Museo Diocesano in Zaragoza

Long posting with some impressions from the Museo Diocesano in Zaragoza (or MUDIZ). Note: The entrance to the museum is indeed via a cafe.

Since the museum is in Zaragoza (and is in fact located just across its cathedral (La Seo) and very near the Basílica de Nuestra Señora del Pilar, representations of the Virgin Mary on the Pillar are presented there very well, both in 3D format

and 2D:


The pictures above also show that the light in the museum is quite tough for photography (though it’s fully allowed). The atmosphere in its dark halls is marvellous for a visit, very sober and tranquil, but it makes next to impossible to take picture of any decent quality.


The pictures I took are a fairly arbitrary selection of what was there on display, and very far from the full set.

Here is the panel of Saint Engratia, one of the early Christian martyrs, attributed to Tomás Giner (c.1468-1474)

If I was interested in a particular work, I often also tried to capture its details, at least some:



There is also a more recent painting of the same Saint Engratia and her martyrdom, by Joaquín Pallarés, a painter from Zaragoza (1896)




More martyrs, now in 3D:


and a few figurines of Mary with the Child (apparently with an apple), all of the late 15th century.


This one was described as the Virgin of the Patrocinio (Protection?), of late 13th century:


There were a few examples of stone reliefs (but not too many):


Our Lady of Zaragoza the Older (late 13th century, and in fact is also made of wood):


A richly decorated chest:



But as in most case, I was mostly interested in 2D works, which being placed in the museum context look like paintings, but which in reality were, of course, parts of religious artifacts, such as altarpieces (retablos in Spanish) in various churches.

Saint Martin of Tours and Saint Thecla, by the same Tomás Giner (c.1458)



I guess an unusual shapes of the sign she holds (more a T-shaped sign than a full-cross) is the reference to her name


Another panel with two Saints, St.Augustine and St.Lawrence


The cloak of Saint Augustine is the missed opportunity to depict the so-called Droste Effect: the cloak’s lapels could well have the image of the Saint himself, in the cloak that would contain the depictions of the Saint, ad infinitum.


Small panel with the scenes of Resurrected Christ and Meeting (Encuentro) of Christ  and Mary Magdalene, by the master from Langa, mid 15th century:

Left panel:

and its detail:


The right panel

and its detail:


Birth of Saint John the Baptist, attr. to the Master from Villalcázar de Sirga, late 15th century


Two details:



Two works by Miguel Jiménez, another painter from Zaragoza of late 15th century:

Calvary (c.1470)



and Pieta (c.1470)


Resurrection of Christ, by unknown master of late 15th century:



A double panel, dedicated to Saint Michael: the upper part about the so called Miracle of Saint Michael at Cargano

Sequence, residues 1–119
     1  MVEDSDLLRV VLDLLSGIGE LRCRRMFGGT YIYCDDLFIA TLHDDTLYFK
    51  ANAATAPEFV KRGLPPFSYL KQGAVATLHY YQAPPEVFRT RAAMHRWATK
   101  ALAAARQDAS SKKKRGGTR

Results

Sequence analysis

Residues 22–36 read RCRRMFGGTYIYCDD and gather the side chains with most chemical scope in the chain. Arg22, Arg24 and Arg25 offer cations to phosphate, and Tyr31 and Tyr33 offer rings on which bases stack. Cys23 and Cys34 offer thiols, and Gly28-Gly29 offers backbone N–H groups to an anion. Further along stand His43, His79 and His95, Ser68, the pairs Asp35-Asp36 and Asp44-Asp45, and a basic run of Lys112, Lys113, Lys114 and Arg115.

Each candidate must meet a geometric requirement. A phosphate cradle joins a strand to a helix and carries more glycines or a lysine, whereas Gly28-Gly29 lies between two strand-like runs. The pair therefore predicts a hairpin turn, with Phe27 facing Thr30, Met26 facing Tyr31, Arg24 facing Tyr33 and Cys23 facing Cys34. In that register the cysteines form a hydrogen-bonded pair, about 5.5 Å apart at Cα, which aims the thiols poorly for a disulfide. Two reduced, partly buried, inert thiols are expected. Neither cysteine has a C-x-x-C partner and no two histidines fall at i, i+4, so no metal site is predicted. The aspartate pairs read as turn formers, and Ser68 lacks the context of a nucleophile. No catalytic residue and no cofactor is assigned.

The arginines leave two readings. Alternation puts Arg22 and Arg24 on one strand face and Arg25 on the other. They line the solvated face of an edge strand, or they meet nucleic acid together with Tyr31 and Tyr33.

and the lower part about his fight with the dragon:


(the dragon looks more like a devil here)


The panels are attributed to Blasco de Grañén, a painter from Aragon of the first half of the 15th century.

Another work by him is about Saint Martin Sharing His Cloak with a Pauper (c.1445)


I also liked the horse very much:


An interesting piece by Martín Bernat, about the torments of Saint Anthony (though in the museum it is described as Saint Anthony Abbot on the Way to Heaven), c 1480-1495.


I tried to capture all the various creatures torturing the Saint:





Later work, by Thomás Pelliguet (or his circle), The Virgin Mary and Saint Elizabeth with their Children (c.1550)



Coronation of the Virgin (c.1545), by Jerónimo Cosida


Details with red angels:



A very interesting part of the museum is its ‘treasure room’, where they display various artifacts such as reliquaries, monstrances and similar things. It was made as a glass (mirror?) cube, creating multiply reflections of all these shining objects.


And in the center of the room they have placed another glass cube, with the most precious artifacts and also with the candle-like lamps, altogether creating a really miraculous effect:


Large collection of reliquaries:



The content of some of them one wouldn’t really want to know about, perhaps:


More heads of the saints; they looked more modern:



Detail of the cloak and the medallion:




A few richly decorated monstrances:

This one is fact a combo of monstrance and ciborium (?), though I personally think it’s a combo with a reliquary of some sort.

Here is another example of similar combination:


The monstrance described as Monstrance of Minerva:

Its upper part:


An example of a very complex, multi-level monstrance:


View from another angle:



The Last One:

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